NC Legislative Leaders Don't Expect Delays To 2022 Elections
RALEIGH — North Carolina election dates for 2022 likely won't be altered despite anticipated delays in receiving data needed to perform the once-a-decade redistricting, the General Assembly's top Republicans said on Thursday.
The Census Bureau isn't expected to provide detailed residential population numbers needed to redraw district boundaries for Congress, the legislature and for dozens of municipalities until August or September — months later than usually received after each decennial census.
That delay — caused by the coronavirus pandemic — prompted State Board of Elections Executive Director Karen Brinson Bell in February to recommend legislators formally push back all municipal elections set for this fall and primary elections for U.S. House, Senate, General Assembly and other races set for March 8, 2022.
House Speaker Tim Moore and Senate leader Phil Berger said separately on Thursday that legislators, who redraw congressional and General Assembly maps, should have time to approve them by the fall so candidate filing for those seats in 2022 can begin promptly in December.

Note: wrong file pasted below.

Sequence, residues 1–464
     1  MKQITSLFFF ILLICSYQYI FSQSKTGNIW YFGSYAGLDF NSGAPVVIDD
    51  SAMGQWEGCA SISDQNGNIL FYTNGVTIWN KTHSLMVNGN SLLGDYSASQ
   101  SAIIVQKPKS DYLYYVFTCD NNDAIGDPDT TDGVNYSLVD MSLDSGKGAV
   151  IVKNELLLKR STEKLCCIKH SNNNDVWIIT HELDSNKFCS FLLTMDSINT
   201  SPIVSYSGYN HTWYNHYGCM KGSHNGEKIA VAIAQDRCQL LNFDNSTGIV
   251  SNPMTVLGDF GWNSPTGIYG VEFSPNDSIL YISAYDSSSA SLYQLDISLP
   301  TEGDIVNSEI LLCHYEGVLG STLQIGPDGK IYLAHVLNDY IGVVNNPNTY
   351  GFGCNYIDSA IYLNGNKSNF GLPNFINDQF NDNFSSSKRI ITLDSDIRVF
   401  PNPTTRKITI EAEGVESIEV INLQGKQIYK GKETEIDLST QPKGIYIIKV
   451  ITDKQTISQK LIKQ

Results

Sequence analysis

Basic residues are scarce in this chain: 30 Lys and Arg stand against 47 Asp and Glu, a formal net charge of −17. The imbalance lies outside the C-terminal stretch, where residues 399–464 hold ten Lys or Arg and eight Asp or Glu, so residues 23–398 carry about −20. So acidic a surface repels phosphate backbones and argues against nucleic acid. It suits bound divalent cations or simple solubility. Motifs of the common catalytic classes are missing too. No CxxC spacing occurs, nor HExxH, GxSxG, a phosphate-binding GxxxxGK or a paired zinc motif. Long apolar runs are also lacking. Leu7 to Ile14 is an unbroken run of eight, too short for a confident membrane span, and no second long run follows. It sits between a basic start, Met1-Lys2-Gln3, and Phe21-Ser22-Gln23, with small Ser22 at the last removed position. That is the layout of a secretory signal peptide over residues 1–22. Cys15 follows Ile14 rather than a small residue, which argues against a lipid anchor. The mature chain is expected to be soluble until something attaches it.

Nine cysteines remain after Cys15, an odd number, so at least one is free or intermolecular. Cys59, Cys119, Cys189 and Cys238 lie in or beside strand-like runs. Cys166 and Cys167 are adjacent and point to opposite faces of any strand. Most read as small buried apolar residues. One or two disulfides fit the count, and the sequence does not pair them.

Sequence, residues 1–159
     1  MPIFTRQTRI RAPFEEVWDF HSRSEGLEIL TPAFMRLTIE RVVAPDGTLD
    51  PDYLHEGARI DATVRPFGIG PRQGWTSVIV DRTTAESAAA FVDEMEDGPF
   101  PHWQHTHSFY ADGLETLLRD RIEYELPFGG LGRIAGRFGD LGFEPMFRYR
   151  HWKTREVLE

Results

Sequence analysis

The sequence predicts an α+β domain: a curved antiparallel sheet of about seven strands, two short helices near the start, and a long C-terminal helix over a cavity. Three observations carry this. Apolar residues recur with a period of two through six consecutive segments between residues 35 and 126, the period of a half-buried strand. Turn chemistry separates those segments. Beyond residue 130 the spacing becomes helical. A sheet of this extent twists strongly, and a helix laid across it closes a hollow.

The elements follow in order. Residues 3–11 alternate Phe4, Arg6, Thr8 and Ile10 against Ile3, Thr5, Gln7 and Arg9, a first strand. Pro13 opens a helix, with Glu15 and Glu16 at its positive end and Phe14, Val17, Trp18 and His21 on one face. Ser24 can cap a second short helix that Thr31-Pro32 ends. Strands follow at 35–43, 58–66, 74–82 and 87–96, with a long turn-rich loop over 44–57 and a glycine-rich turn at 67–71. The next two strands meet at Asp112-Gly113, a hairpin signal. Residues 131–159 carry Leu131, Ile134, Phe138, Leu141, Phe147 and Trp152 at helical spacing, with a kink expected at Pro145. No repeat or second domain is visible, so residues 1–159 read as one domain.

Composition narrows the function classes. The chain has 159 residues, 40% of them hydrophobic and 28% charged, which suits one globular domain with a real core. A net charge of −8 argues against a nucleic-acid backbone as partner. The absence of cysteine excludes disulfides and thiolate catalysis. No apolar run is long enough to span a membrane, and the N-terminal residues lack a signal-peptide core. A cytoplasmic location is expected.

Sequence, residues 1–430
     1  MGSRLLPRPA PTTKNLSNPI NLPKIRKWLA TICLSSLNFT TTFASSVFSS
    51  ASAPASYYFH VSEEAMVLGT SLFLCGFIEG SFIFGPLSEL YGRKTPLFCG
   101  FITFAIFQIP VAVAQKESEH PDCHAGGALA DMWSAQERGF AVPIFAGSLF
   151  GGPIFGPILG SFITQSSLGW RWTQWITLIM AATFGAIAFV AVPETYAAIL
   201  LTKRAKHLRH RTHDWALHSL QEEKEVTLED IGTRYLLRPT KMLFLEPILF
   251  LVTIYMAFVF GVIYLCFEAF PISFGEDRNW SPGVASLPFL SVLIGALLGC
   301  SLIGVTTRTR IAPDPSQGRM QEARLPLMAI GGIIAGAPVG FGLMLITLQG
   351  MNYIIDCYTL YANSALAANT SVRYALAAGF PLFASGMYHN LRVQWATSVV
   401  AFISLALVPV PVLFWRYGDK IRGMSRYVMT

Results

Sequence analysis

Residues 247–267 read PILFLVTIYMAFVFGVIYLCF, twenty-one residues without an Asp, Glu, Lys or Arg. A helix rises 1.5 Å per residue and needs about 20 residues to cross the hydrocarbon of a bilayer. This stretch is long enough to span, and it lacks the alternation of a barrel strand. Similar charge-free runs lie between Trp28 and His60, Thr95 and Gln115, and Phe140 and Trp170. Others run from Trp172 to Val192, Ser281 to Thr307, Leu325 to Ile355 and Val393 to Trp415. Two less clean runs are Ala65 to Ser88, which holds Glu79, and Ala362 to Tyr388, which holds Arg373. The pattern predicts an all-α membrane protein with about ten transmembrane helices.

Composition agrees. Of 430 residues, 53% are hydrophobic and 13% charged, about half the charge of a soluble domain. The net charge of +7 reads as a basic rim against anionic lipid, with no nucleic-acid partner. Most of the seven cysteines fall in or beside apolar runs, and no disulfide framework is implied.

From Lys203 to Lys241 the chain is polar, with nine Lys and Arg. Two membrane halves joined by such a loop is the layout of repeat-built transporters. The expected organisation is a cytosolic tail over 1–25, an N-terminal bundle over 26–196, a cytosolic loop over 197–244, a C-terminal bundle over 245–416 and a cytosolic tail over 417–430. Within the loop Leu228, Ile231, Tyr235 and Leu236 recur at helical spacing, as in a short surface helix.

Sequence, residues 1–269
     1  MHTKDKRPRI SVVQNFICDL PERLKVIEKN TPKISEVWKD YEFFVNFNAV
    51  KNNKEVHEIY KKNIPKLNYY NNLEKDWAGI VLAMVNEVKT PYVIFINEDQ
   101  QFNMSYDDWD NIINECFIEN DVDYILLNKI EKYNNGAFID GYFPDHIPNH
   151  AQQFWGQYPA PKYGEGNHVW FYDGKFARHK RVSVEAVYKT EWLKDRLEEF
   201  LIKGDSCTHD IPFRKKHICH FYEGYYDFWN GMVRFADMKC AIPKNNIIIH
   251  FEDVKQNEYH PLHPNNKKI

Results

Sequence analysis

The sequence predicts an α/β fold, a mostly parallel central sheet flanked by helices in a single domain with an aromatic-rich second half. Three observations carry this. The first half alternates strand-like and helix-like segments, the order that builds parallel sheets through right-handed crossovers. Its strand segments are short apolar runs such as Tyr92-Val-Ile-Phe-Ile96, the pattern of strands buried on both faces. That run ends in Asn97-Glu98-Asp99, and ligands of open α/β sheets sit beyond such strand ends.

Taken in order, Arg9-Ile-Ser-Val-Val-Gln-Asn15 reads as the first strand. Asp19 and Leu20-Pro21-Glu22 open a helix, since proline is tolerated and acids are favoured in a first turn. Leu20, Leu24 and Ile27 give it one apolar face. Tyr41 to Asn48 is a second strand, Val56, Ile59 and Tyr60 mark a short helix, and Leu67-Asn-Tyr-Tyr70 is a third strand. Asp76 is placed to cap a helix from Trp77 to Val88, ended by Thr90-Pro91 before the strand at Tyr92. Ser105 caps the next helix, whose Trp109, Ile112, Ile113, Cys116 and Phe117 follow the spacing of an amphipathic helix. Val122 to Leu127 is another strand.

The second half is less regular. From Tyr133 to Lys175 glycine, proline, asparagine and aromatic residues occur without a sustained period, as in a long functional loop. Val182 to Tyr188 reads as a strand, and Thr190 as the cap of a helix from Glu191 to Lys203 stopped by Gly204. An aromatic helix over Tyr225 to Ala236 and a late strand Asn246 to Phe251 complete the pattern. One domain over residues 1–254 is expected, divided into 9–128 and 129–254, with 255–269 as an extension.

“We should have time and ability to get things resolved so that the (March) election can go forward as planned,” Berger told reporters. He acknowledged that happenings beyond the state’s control — longer delays in the receipt of census data and restricting litigation among them — could still require adjusting the 2022 schedule.
As for this year's municipal elections — covering various dates this September, October and November — the lack of agreement about what to do signals a statewide law to address them is unlikely to advance.
More than 60 cities and towns out of most than 500 municipalities statewide use census data to redraw wards or districts, so most aren't affected by the census data delay. Berger said the affected communities have the ability to hold elections using the current districts, or individual towns or cities can ask the legislature to pass local bills to address their specific elections.
“There's not been a consensus about what the right approach is because different areas want different things,” Moore said. “That's really one that we're still wrestling with right now."
Brinson Bell had recommended a May 3 primary, July 12 runoff primary and Nov. 8 general election in 2022 for both municipal and state elections. A wholesale delay in all elections was pitched as a way to limit voter confusion which could ensue if some elections get delayed and others aren’t.